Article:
Two rivers, the Menikganga and the Kumbkkan oya, still carry water during the dry season (by August most lakes and water holes are dry) and attract high numbers of mammals and birds from the rest of the reserve. Elephants migrate out of the park area during the dry season.


The park is in the dry zone of Srilanka and exposed on annually to drought. No rain; July-September.  The rainy season (October- April) ravines area, and this is therefore most beautiful period; local birds breed and avian migrants arrive from northern Asia and Europe.

  • FLORA:

Sandy scrub and thorn; jungle intersected with grassland, acacia woods; some local high forests along the menikganga river. Many swampy waterholes carry aquatic grasses and wild rice.


Animals are the main attraction;  the rare and endemic race of Srilankan elephant still has a refuge here; large herds of graceful spotted deer move over plains and jungles; sambar fairly numerous, also wild boar; impressive water  buffaloes occur but are shy and mostly found in interior jungle marshes. Most buffaloes in the national park are feral animals, not so heavy as the pure wild ones; the sloth- bear and leopard are the largest predators, the langur the most often observed monkey. Hares are common.

  • BIRDS: A very rich and varied bird fauna here; peafowl plentiful and their display wonderful to watch in mating season; another ornithological highlight; Jungle fowl with their intensive colors. Near the Buttuwa Bungalow, gray pelicans, Indian darters, and other waterfowl frequent the pools. In late October newly arrived Malay bitterns visit these pools in early mornings. Other examples of Ruhunu birds; tiny flower peckers, the Ceylon finch lark, black-winged stilt, ceylon  brown baza, Ceylon hawk eagle, and pygmy woodpecker. Also; hornbills, flycatchers, orioles, babblers, sun birds, barbets, bee- eaters, Kingfishers, terns, storks,  and herons.

The salt- water crocodile and the mugger or marsh crocodile occur, and the monitor lizard is extremely common.


Establishment; 1954. Gal oya is situated in a lake region partly serving as a water storage reservoir and surrounded by jungle forests.  Bird life is rich and diversified.

  • Size: 25,000ha
  • BEST VISITING: May- September.

The Gal Oya River drains the lakes, of which senana yake samundra is the largest in Srilanka. Some gneissy hills occur and a low mountain range.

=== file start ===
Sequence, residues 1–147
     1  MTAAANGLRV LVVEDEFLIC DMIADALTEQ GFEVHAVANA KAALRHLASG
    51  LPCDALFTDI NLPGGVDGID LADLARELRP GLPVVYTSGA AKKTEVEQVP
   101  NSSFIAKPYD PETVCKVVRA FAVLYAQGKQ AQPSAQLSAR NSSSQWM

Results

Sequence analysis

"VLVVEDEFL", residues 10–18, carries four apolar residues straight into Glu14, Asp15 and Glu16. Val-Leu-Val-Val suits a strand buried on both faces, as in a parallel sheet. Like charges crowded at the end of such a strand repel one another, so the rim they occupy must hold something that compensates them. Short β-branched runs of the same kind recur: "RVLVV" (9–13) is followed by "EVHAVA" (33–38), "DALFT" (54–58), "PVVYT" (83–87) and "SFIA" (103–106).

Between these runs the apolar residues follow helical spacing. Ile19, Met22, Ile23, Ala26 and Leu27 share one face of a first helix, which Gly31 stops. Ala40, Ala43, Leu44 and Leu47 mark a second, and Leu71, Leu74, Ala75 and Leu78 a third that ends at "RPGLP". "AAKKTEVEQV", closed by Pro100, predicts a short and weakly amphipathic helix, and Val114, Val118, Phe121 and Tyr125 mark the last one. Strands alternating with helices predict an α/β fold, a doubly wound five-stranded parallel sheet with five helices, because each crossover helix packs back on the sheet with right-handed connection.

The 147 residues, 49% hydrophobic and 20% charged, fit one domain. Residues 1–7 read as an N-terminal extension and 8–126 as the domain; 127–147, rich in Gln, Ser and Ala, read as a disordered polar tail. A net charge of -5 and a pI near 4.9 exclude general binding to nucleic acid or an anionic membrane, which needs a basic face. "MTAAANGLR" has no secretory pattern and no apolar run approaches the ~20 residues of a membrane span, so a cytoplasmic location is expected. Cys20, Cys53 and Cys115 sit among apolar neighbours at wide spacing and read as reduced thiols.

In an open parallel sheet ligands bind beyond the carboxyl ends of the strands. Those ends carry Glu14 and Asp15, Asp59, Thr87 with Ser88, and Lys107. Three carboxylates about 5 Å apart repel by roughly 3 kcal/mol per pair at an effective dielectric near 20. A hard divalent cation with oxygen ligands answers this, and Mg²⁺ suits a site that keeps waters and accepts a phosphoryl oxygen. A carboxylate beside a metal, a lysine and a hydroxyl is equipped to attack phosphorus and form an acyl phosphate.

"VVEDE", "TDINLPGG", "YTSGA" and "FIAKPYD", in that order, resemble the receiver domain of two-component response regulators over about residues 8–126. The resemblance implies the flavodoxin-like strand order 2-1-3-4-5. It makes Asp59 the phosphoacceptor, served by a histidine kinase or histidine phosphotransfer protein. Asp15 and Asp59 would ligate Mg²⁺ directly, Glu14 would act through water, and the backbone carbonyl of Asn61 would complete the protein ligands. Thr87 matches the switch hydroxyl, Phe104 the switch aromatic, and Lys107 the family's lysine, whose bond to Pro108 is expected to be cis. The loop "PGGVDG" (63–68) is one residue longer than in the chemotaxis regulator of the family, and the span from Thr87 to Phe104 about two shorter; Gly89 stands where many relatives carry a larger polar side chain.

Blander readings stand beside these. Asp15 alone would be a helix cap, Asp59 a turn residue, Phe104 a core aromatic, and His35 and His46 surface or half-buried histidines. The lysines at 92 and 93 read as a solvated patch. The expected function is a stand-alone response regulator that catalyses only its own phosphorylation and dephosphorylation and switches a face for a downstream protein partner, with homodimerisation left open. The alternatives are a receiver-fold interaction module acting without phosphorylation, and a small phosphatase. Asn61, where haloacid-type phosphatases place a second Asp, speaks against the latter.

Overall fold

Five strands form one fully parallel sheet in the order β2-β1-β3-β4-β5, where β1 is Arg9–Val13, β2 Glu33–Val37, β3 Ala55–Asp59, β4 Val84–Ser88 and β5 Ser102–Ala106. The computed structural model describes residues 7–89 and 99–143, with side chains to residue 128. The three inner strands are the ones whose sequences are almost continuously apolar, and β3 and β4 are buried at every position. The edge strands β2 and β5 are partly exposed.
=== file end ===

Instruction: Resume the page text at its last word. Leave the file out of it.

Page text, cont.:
Dry.  Little or no rain during southwest monsoon period (May- September )when the great mount massif in south central Srilanka catches the moisture and precipitation of the oceanic winds. Most rainfall is November-  February.

  • FLORA:

The terrestrial habitats around the lakes are wooded savannas with grass and scattered trees. There is also a dry evergreen forest of the jungle type.


Among the mammals of this national park are Indian elephant, Leopard, Jackal, small civet, mongoose, otter, purple- faced Langur, slender loris, Indian pangolin, Indian porcupine, water buffalo, sambar, spotted deer (Chit al),  mouse deer (chevrotain), and muntjac.

  • BIRDS:

The rich avian fauna includes paradise flycatcher, black-headed oriole, green bee- eater, and stork- billed kingfisher.

Others are Ceylon gray hornbill, Malabar pied hornbill, rose- winged parakeet, serpent eagle, ceylon hawk eagle, gray-headed fishing eagle, brahminy kite, Indian peafowl, and Ceylon jungle fowl.


Reptiles include python, rat snake, cobra, swamp crocodile, and monitor lizard.


Establishment: 1937.  Srilanka’s largest national park, a vast area entirely encircled by sanctuaries. Wild animals and abundant birdlife are the chief attractions for naturalists; for archaeologists; the ancient cave temples, ruined dagobas, and stone columns of the Buddhist civilizations of the Sinhalese, from pre- Christian to medieval times.


Western Srilanka, on Indian ocean.

  • SIZE: 108,780ha.
  • ACCESSIBILITY: By Puttalam – Anuradhapura road (182km from Colombo)
  • BEST VISITING: July, August, and September.

A flat and sandy area with some 42 shallow lakes (villu in Tamil and wila in Sinhalese), holding the mon soon rains. The eastern section has many streams and richer vegetation, with woods, forests, and meadows.


Both wet and dry season visits have their own advantages and disadvantages and give much to the visitor. Wilpattu climate dry, much like that of Gal oya and Ruhunu.

  • FLORA:

Forests are in no way primeval, due to the area's ancient human history. Secondary growths constantly exploited, should be more precisely termed “territory” or “quaternary” growths. Richness of wild flowers in this parkland turns the national park into a great flower garden January- March.

  • MAMMALS: Spotted deer (chital) in herds are the most common larger mammals.

Wild boars frequently seen, also water buffaloes bathing in the mud. Sambar and Indian elephants are other impressive mammals. Woodlands contain porcupine and monkeys of various species. Among the carnivores; sloth- bear, jackal, leopard, and jungle cat.

  • BIRDS:

Kingfishers (Three species), bee- eaters, white ibis, spoonbill, storks (four species), herons and egrets (seven species), waders and ducks, parrots, sun birds, birds of prey, owls, jungle fowl, peafowl, and hornbills.


The marsh crocodile can be observed; some pools are teeming with baby crocodiles.



  • AREA: 680,651 KM2



Establishment: 1927.  Situated in the lowlands of northern Burma, this game reserve is still relatively rich in animals though many of the large mammals were slaughtered during worldwar  II. The area covers several ranges of low rounded hills.

  • GEOGRAHICAL LOCATION: Northern Burma, W of Irrawaddy R.
  • Size: 72,500ha.
  • BEST VISITING: February- April.